The National Circus Theater in Hanoi was well-attended, with around 1,000 seats filled for each of its three final performances in December for the national magic festival.
The artists were happy that the demand for circus acts has remained high, yet they had to admit how desperate they were to please the audiences, and once again realized how much more investment the art form needs.
Magicians from Hanoi, Hai Phong, Ho Chi Minh City, the central province of Quang Tri, and the southern provinces of Vung Tau and Tien Giang, have been performing with whatever simple tools they have access to, Tuoi Tre reported.
The applause for animal and clown acts were louder than those for their 13 acts, mostly familiar ones such as giving the illusion of producing birds or roses out of thin air, changing clothes and either making people disappear, or cutting them into parts.
A few acts that were linked together to form a story received more interest from the audience, which according to the artists, reflects a recent global trend within the magic industry.
One of those acts was conceived by magicians from Hai Phong, telling the life story of a soldier posted on an island.
The magicians, dressed in navy costumes, also performed simple acts such as making things appear out of thin air, like vegetables, fresh water, a guitar, and girls, but the way they were combined into a story made these old tricks fresh to audiences.
"I really like the act. It makes magic emotional," Tuoi Tre quoted an audience named Thu Hang, as saying.
Captain Quang Hop, the author of the act, said it was inspired by his visit to the Truong Sa Islands off Khanh Hoa Province in south central Vietnam.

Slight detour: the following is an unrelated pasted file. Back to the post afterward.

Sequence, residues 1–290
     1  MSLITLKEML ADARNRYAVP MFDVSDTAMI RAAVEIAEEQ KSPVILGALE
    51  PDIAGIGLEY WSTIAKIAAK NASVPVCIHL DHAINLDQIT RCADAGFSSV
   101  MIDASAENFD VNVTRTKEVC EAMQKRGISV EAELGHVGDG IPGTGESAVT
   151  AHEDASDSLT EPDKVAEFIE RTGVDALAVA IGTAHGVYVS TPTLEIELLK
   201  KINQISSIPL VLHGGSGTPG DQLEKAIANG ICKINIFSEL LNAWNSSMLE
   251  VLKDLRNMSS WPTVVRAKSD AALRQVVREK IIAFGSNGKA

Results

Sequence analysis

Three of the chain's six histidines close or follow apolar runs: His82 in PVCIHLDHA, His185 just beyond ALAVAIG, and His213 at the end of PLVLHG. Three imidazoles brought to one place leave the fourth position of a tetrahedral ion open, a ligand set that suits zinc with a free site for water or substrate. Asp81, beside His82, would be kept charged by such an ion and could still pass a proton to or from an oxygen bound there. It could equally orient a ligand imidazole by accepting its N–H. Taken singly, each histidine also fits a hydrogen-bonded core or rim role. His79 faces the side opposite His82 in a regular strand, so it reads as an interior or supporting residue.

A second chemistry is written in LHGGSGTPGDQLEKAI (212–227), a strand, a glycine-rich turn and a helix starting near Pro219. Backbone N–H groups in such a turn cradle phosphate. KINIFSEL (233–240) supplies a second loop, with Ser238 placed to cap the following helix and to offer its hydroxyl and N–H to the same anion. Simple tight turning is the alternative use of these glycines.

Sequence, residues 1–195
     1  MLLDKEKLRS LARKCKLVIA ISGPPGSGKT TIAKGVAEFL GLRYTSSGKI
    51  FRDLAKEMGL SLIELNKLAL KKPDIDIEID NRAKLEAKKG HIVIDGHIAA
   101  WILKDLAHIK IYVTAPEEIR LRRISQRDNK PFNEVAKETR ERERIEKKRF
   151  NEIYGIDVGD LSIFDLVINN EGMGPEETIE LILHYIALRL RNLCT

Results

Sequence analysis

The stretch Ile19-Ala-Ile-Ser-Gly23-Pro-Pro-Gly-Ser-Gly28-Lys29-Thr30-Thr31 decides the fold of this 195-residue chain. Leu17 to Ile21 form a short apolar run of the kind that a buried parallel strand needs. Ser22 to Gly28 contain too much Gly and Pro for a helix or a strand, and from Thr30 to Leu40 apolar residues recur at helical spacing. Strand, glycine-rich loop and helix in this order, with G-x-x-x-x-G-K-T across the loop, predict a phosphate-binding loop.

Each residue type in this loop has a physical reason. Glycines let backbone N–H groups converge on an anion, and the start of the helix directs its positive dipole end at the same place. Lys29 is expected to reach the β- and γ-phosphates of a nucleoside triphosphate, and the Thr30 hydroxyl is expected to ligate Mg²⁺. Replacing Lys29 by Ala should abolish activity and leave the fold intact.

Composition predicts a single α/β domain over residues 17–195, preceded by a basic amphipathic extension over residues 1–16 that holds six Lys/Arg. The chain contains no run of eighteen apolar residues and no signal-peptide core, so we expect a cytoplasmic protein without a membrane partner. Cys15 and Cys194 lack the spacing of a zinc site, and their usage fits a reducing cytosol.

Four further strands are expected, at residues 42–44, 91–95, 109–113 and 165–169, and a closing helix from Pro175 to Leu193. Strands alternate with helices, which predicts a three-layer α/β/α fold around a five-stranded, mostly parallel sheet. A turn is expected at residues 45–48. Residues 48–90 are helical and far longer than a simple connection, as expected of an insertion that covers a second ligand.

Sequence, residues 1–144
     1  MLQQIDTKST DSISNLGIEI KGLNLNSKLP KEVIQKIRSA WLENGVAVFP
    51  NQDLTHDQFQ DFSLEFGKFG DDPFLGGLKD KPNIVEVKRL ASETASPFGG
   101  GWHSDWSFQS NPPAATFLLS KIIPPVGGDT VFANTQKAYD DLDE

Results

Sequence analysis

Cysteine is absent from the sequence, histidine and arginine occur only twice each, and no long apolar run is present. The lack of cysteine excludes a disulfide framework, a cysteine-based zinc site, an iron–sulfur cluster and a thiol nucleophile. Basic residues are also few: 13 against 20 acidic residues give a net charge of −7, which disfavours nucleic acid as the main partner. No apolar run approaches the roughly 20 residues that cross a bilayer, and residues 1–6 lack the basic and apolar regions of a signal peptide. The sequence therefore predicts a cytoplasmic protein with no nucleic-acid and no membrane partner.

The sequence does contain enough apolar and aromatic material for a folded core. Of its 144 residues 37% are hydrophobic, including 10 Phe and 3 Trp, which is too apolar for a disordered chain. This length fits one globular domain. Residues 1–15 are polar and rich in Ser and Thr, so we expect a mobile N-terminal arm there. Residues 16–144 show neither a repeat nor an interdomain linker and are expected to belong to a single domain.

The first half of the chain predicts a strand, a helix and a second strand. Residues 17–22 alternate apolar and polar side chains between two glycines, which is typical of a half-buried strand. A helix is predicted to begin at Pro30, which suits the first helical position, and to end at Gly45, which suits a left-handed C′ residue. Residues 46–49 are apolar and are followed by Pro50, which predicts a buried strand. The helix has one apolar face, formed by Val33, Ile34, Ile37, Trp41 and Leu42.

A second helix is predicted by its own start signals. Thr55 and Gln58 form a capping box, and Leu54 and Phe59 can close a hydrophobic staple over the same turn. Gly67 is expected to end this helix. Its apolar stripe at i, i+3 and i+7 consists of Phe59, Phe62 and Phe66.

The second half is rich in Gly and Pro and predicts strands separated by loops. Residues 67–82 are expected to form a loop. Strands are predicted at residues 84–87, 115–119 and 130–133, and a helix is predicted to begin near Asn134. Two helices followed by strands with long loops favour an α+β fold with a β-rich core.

He said his troupe decided to approach the festival as a game, citing the need to play beautifully, and did their best to infuse their acts with spirit.
The troupe intended to include more narrative acts, but the money contributed by the 20 members could not pay for that, he said.
"Hai Phong does not have a state agency to represent circus artists. Our club has been funded by members' money for the past three years since being established.
"We've made up our minds that any fun costs money. The reward for us is to show people some magic," Hop said.
Other magic troupes in Vietnam also have to fund themselves.
The difficulty has prevented them from fulfilling their creative potential, and often pushes them out of the business as people will not pay money to see familiar acts over again, the artists said in the report.
Doan Minh Quang, a sole magician from Tien Giang at the festival, said he loves magic and would not quit. But he said he has had to take breaks now and then to do other jobs in order to earn enough money to return to his passion.
He is teaching magic to 30 students, but did not feel confidence that they would take up the art form as a profession.
Le Tien Tho, chairman of Vietnam Stage Artists Association, said magic in Vietnam has never received much attention, in terms of either training or venues.
Many artists at the festival said it's hard for them to perform on the round stage of the theater, which has them encircled by the audience.
Tho said he would suggest to the culture ministry that it set up a development plan for the art over the next 20 years or so.
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